betaThese pages are being tested. Give feedback to help improve them.

Advanced search

History of the collection

We all have a duty to fulfil towards our past,” implored Dr Eva Reichmann, former Director of Research at The Wiener Library, in a short front-page appeal in the journal of Association of Jewish Refugees in Great Britain in 1954. Reichmann’s impassioned appeal launched the Library’s ambitious effort in the mid-1950s to record testimonies about the Holocaust.

The 1950s testimonies project grew out of The Wiener Library’s efforts to study and collect evidence about the rise of Nazism and the Holocaust. After the war, it made a concerted effort to gather the perspectives and experiences of the victims of persecution. This effort came at a time when other ‘early’ record- and testimony-collecting projects had begun to wind down, but before the widespread push to record survivor testimony in the 1980s and 1990s.

Over a period of about seven years, and with financial support from The Conference on Jewish Material Claims against Germany, Reichmann and her team gathered reports from refugees and survivors in Britain and abroad. The interviewees recounted their experiences of events from 1933 through the end of the war as well as its aftermath. Calls for interviewees were issued in the British and continental European press, and many were found through networking and word-of-mouth. Trained interviewers – many of whom were often survivors or spouses of survivors – recorded, transcribed, edited and indexed the accounts under Reichmann’s direction. In addition to survivors’ testimonies, the collection also includes contemporary documents and letters.

Reichmann and her associates began close to London and gradually spun out further and further as their network of interviewers and interviewees widened. Reichmann’s methodology was described in The Wiener Library Bulletin in autumn 1955:

Only occasionally the reports will be drawn up by the authors themselves; usually the eye witnesses are visited by one of the Library’s interviewers for one or more conversations. During these the interviewer tries to elicit as much information as possible and, on the strength of it, writes the report. This is submitted to the interviewed person to ensure that it contains no mistake or misunderstanding, and is subsequently incorporated into our archives. For the purposes of reference, it is analysed, catalogued and cross-indexed.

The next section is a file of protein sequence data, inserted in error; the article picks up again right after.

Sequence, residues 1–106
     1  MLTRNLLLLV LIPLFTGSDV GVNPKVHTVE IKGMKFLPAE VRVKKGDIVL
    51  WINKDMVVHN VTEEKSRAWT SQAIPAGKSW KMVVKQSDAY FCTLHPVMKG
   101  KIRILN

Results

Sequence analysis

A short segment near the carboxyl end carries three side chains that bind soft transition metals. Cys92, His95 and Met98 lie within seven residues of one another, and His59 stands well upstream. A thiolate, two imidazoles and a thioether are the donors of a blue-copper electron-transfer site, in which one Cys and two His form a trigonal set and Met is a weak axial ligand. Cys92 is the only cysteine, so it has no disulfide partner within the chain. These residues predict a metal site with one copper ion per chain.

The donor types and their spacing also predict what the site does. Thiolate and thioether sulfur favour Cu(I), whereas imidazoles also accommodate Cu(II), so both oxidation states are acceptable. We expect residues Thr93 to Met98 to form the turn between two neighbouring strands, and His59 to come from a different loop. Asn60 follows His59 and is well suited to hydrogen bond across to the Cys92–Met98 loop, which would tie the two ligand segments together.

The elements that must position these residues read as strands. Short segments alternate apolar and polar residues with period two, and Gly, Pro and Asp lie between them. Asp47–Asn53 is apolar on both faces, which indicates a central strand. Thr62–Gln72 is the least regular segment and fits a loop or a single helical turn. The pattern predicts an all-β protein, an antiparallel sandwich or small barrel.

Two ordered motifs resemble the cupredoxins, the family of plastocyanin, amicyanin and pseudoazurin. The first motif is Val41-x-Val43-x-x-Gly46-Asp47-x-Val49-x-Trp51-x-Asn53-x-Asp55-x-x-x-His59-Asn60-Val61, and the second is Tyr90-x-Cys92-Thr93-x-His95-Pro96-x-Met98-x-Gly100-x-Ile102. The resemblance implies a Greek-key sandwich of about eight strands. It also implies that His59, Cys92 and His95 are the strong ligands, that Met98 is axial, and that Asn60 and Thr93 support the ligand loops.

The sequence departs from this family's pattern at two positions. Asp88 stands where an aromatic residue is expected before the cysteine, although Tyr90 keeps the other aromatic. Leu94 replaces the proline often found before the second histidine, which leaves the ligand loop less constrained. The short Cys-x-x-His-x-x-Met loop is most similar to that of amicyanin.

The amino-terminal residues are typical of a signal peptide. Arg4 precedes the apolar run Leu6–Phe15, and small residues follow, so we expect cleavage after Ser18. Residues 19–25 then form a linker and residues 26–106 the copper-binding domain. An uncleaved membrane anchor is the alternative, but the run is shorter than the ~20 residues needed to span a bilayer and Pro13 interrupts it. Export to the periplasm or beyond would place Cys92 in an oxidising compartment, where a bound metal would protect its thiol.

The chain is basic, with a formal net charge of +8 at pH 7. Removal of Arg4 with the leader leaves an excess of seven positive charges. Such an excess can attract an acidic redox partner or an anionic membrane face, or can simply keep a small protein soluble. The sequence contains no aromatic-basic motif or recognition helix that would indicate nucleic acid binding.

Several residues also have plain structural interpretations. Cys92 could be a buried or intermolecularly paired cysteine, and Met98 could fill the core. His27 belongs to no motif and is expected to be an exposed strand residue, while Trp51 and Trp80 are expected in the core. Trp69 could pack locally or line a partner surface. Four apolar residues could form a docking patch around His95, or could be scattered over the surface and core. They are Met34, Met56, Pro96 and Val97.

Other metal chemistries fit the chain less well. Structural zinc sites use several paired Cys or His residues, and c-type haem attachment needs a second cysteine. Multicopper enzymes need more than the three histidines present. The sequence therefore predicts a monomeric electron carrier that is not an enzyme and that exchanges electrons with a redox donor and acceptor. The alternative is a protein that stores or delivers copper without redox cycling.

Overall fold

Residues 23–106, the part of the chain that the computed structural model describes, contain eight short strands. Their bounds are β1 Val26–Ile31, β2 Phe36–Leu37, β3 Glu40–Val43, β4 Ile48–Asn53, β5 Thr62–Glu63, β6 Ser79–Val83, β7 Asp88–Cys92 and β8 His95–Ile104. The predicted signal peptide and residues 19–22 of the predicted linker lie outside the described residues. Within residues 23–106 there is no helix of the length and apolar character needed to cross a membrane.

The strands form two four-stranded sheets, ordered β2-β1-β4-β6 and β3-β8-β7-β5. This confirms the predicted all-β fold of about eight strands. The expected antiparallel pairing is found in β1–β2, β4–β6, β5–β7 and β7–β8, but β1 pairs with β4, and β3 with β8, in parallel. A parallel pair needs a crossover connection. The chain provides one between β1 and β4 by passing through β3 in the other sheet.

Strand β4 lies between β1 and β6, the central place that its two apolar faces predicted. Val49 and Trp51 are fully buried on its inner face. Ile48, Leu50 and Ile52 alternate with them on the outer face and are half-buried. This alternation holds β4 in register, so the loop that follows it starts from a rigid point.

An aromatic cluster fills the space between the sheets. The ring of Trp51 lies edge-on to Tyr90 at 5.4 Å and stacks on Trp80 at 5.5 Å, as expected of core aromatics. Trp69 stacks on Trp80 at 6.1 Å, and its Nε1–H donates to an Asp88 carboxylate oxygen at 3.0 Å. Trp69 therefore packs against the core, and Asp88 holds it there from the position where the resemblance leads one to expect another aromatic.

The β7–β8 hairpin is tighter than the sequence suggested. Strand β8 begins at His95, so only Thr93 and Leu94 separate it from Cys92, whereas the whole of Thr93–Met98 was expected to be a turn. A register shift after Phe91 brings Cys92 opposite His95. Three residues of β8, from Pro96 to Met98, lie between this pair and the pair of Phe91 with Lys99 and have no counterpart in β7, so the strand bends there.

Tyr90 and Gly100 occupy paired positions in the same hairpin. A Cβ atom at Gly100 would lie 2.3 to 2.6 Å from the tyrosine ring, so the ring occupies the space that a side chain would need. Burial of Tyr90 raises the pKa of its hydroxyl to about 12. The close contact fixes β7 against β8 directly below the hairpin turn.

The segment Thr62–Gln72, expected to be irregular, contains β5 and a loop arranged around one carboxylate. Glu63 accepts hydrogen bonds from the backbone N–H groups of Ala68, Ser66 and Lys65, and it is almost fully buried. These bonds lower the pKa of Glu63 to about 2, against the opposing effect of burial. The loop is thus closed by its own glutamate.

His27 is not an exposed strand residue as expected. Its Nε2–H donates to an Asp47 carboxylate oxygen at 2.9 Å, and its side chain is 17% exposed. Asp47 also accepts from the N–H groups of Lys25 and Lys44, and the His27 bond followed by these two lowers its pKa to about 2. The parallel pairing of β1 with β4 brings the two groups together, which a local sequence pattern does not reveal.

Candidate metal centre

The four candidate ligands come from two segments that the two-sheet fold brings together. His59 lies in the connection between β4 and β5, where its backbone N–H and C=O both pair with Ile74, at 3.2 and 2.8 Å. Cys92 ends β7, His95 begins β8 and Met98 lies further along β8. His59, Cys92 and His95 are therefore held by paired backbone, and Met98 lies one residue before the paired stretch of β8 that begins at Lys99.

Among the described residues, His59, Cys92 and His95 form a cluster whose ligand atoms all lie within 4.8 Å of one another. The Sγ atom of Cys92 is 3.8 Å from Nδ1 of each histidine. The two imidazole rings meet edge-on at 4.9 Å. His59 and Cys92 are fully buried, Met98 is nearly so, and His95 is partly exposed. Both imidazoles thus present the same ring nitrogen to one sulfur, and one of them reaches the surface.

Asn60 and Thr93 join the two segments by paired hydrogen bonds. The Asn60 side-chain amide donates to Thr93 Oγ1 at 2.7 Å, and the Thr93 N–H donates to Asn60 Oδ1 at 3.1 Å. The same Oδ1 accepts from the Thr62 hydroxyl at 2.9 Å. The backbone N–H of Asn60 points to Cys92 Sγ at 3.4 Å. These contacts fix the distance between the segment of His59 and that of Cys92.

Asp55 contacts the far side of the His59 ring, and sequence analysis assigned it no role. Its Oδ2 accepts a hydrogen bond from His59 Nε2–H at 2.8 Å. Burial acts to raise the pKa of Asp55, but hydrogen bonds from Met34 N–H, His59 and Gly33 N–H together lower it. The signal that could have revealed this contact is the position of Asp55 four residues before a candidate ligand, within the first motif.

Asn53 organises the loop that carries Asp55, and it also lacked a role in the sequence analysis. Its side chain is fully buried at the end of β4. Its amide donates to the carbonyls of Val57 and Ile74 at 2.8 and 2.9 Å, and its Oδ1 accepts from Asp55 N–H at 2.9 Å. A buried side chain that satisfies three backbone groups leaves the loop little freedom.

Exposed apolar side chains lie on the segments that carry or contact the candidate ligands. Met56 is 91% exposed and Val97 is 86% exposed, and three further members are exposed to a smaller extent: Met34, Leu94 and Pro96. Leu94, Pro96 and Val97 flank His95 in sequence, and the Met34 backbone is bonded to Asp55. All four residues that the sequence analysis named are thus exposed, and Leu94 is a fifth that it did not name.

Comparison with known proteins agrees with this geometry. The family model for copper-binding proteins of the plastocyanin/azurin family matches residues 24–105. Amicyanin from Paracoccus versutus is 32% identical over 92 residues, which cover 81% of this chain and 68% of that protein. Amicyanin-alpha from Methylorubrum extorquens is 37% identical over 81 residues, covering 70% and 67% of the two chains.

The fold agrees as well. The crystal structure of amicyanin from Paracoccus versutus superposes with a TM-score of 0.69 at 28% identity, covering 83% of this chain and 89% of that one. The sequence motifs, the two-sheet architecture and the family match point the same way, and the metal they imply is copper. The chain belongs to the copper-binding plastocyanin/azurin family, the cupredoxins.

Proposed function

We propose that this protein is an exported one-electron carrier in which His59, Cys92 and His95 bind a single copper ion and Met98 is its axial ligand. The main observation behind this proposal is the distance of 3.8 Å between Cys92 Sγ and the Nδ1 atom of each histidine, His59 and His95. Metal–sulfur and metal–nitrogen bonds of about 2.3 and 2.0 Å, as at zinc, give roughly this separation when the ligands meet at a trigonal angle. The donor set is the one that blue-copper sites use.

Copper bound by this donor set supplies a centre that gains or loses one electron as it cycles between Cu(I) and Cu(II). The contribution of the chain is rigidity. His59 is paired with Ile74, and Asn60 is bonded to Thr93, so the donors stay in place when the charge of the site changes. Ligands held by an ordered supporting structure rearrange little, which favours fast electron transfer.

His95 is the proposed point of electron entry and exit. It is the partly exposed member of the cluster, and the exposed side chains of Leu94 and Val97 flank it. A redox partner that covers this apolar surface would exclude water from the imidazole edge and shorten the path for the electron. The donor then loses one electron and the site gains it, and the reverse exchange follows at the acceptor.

Unlike more contemporary projects that have collected survivor testimony, which often seek to preserve the exact wording and recollections of the witness as they are stated, Reichmann and her team analysed the reports for accuracy in dates and other criteria, annotated and corrected them, and ensured that the interviewee signed the updated eyewitness report.

At the same time, the annotations and related correspondence indicates that Reichmann and her colleagues tried to preserve as much as possible the character and meaning of the author of the report, particularly where they could not verify particular details or were unclear about certain forms of expression, especially for those who were writing in German but whose first language may have been something else.

The project successfully gathered more than 1,300 reports in seven different languages over seven years.

Eva Reichmann reading newspapers at The Wiener Library in July 1952.

Note to user

Dear user,

In response to current developments in the web technology used by the Goobi viewer, the software no longer supports your browser.

Please use one of the following browsers to display this page correctly.

Thank you.